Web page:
There needs to be mental health support in the workplace especially as staff say it is a priority for them.
Research from an online learning platform FutureLearn.com has found that a majority (68%) of businesses in the UK had no mental health support in place before the pandemic.
Fewer businesses have mental health support since the pandemic
Since the pandemic, this number has dropped to 58 percent.
This is despite more than half of businesses agreeing that mental health first aiders are just as important as physical first aiders or fire marshals at work.
Because of the Great Resignation and in response to Covid, 1,000 UK businesses told YouGov what they are doing to combat what is being described as a mental health crisis in the UK.
One in five – 21 percent – said they will be reevaluating their current mental health policies.
Dr Oliver Harrison worked as a psychiatrist before dedicating his career to digital mental health.
He said that despite today’s vaccine anniversary, we needed to recognise the impact of Covid-19 on mental health: “Today marks the one year anniversary of the first Pfizer vaccine administration. This is a moment for both celebration and reflection. Data shows the enormous impact of Covid and lockdowns on our mental health, globally. The pandemic has exposed us all to fear, isolation, and worry, and severely limited our ability to let off steam, whether through meeting a friend, enjoying a meal out, or taking a holiday.”
Anyone can suffer with PTSD
The NHS forecasts there will be 230,000 new cases of post-traumatic stress disorder (PTSD) in England, as a result of the coronavirus pandemic.
According to the NHS strategy unit, the forecast was based on the effects the pandemic had on children, young people, relatives of Covid survivors, domestic abuse victims, health and care workers and anyone who had lost people to the virus.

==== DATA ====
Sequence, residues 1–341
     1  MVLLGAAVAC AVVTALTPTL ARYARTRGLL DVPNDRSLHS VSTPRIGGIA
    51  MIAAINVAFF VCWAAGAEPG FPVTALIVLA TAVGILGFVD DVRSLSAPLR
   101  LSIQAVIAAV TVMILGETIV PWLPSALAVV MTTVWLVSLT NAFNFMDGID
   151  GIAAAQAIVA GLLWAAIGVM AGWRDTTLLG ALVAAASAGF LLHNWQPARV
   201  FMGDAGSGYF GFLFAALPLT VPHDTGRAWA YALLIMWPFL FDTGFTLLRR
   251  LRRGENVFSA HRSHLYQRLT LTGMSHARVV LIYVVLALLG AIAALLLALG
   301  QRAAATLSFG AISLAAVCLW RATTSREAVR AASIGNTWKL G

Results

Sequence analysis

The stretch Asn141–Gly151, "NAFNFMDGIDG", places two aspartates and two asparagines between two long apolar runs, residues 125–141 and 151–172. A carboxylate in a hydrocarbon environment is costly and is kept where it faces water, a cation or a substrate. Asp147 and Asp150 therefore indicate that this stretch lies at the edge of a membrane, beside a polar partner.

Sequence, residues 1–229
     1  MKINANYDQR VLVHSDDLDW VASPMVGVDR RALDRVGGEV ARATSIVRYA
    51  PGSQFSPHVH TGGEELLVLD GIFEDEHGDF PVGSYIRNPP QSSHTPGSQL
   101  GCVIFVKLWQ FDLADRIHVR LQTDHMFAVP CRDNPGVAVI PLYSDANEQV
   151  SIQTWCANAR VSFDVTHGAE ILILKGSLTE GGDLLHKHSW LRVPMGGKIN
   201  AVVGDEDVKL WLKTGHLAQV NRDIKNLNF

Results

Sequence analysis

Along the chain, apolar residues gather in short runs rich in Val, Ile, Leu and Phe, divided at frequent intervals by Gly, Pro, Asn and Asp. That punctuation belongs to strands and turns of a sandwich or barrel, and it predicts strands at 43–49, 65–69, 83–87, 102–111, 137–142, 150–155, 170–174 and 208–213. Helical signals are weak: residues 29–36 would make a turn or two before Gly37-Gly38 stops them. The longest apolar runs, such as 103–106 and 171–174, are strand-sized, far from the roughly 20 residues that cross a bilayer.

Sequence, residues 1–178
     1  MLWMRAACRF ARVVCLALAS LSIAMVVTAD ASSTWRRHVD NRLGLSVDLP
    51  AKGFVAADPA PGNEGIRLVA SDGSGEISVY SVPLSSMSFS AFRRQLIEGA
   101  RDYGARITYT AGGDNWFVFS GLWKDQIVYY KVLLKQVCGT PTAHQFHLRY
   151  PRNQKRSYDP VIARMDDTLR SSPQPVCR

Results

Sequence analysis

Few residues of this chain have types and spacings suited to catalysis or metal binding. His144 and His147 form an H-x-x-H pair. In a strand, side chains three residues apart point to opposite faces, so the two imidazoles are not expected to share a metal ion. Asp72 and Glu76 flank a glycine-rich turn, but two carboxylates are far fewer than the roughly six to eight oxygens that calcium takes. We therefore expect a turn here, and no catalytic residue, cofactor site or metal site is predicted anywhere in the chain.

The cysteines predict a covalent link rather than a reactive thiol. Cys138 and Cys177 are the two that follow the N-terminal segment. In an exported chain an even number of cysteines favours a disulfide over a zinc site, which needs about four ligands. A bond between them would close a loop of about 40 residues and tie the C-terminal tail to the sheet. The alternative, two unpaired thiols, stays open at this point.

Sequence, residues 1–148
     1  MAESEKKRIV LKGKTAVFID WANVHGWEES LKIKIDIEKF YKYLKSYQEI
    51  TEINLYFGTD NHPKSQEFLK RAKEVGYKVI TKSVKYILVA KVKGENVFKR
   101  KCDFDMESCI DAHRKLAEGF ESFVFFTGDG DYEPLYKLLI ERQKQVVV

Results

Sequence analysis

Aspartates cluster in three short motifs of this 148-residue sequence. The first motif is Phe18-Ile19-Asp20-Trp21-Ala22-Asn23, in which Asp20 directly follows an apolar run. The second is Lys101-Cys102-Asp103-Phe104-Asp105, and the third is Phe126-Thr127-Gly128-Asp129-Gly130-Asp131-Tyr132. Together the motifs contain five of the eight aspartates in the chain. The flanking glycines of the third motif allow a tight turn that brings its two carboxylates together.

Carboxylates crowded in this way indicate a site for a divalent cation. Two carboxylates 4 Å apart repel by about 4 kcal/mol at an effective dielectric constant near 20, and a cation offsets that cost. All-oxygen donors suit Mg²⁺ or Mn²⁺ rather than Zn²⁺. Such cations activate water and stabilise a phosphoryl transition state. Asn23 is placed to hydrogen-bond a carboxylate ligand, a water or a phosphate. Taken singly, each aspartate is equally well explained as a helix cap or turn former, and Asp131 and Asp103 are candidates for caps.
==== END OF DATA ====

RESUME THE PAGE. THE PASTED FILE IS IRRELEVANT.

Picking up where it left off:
Experts said anyone affected by PTSD could experience extreme thoughts and feelings of negativity.
Professor Neil Green Greenberg is from the Royal College of Psychiatrists. He is also an expert editor of the College’s new resource for people with PTSD. He says exposure to any traumatic event puts one at risk of PTSD – and the pandemic had a number of traumatic side-effects.
“It is vital that anyone exposed to traumatic events is properly supported at work and home. Early and effective support can reduce the likelihood of PTSD.”
Dr Harrison said: “The result (of fear from the pandemic) is historic levels of anxiety, depression, alcohol and drug use, and other mental health issues. Students of previous pandemics will also know that the mental health burden often lags several years behind infectious disease because getting back to normal is challenging for many people. This is the second, silent pandemic.”
Mental Health Resources
FutureLearn is offering a free Psychological First Aid course, backed by the Department of Health and Social Care. The three hour course held over three weeks is expected to help people handle mental health challenges in the workplace. It also includes how to support mental health developed as a result of Covid-19.
Mental Health Champion at FutureLearn, Conrad Vivers said mental health first aiders allow people to beat the core of discussions: “Through supporting people in the workplace with mental health challenges we’re impacting the evolution and elevation of society. The ripple effects of these actions lead to a safer environment for employees.”
According to the College, a poll of 709 NHS intensive care staff from six hospitals found 2 in 5 had PTSD symptoms, which is double the numbers of military veterans with recent combat experience.
It also found that 35 percent of CovId-19 patients who had to go on a ventilator had extensive symptoms of PTSD.
The Priory Centre, which is a mental health and behavioural management provider with offices across the UK, has released a number of helpful tips on how to recognise PTSD and how to manage it.
Click here for more information.